Sigh… What now?

Like I warned you: I don’t know! Ha! Really, I don’t. But I can tell you a friend just introduced me to a group called Moms in Prayer (www.momsinprayer.org). A few moms from my daughter’s school and I are meeting weekly to pray for our school and students. They are moms I do not know well. They are moms – just like all the moms at school – who sincerely desire the best for their kids. Moms who are trying their best as moms. Moms who love their kids.

When I put it into this perspective, I can’t help but think about the mom of the girl who was hiding. She loves her child and doesn’t want her child to hurt another OR for her own child to be hurt. She’s pursuing motherhood just like the rest of us: rowing through uncharted waters in an unsteady boat. But persevering anyway. Appreciating a boost back into the boat when she falls out.

A boost you or I can give her.

A boost that will help her, her child and us as WE see that the world is not all about us and OUR kids, but about God and love and forgiveness and perseverance and fulfillment.

So I will pray. I will pray for my daughter. For the girl I saw this morning. For her mom.

Because when I do that, I can’t help but start to accrue little bits of love for all involved. I can’t help but remove my own selfish, albeit it well-intended mama bear, glasses and create an environment where moms are working together to raise and teach and guide our children. That we aren’t here to compare or be weakened by guilt.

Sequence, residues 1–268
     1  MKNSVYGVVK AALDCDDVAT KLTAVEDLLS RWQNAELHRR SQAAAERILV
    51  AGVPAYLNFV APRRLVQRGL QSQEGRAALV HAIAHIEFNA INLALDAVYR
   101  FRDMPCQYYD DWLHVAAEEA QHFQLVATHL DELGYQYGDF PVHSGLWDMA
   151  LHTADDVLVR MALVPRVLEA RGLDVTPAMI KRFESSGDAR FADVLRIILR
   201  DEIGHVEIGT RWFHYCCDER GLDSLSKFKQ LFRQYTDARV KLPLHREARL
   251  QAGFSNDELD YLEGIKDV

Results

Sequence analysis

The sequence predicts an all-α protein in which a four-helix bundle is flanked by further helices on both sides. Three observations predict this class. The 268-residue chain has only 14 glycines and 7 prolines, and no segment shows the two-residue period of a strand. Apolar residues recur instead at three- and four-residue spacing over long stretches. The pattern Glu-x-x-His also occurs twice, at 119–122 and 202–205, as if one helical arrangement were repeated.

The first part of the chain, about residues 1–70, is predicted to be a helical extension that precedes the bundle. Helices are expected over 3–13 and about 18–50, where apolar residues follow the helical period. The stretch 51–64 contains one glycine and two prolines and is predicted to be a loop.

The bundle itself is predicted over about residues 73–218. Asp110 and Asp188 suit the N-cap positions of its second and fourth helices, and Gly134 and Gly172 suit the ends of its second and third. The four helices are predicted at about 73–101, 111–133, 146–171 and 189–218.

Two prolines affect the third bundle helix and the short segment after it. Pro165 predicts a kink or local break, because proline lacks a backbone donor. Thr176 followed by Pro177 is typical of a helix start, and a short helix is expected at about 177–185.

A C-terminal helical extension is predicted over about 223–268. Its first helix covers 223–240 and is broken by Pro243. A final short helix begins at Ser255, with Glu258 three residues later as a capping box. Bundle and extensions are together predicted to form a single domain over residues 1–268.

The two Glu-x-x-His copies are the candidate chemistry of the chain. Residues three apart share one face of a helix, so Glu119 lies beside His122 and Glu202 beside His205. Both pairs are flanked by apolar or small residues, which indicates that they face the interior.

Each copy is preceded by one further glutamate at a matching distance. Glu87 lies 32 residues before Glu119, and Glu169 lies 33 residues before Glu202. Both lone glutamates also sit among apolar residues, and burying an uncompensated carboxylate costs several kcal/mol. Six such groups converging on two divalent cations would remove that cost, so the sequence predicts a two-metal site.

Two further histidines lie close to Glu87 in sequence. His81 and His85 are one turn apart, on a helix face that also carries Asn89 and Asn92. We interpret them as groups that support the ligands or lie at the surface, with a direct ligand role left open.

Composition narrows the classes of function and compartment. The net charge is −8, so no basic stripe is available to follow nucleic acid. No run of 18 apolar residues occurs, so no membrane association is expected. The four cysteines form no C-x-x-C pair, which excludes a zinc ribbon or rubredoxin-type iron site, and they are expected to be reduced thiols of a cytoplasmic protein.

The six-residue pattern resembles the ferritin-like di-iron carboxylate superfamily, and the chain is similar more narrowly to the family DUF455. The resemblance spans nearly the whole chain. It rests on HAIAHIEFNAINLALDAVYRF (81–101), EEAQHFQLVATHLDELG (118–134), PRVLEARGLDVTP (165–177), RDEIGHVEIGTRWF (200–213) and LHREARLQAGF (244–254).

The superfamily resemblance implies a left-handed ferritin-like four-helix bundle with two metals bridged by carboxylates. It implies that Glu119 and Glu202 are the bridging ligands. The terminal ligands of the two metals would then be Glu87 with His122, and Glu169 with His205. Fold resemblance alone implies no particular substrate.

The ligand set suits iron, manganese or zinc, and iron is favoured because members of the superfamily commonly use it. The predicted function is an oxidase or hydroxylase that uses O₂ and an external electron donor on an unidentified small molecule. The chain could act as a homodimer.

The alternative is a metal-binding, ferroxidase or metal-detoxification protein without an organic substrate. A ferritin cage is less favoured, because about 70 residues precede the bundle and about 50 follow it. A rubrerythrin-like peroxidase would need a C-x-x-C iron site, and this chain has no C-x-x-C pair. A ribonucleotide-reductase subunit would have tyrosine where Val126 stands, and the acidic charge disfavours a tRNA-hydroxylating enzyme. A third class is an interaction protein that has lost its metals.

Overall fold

I hope other moms will pray for me and my children. Because my kids are kids of this world, just like yours, and they will need grace, guidance, forgiveness and encouragement. I don’t want people to write them off for a foolish, childish mistake. Anytime. Trust me, my kids will make tons of childish mistakes. And I will make mistakes in how I respond to these mistakes. My kid may certainly hide behind someone someday. They will — and have — given “looks” and attitudes to other kids (and adults. Oh, the shame. Really. Sigh.) that cause me to stumble and wonder how and why and just, I don’t even know… Please don’t judge us. We are trying our best. I promise.

Second chances are the best! Maybe even better than first successes.Character is built through steadfast perseverance and humility.

My prayer? God, replace my urge to control and fix with an urge to pray and hope.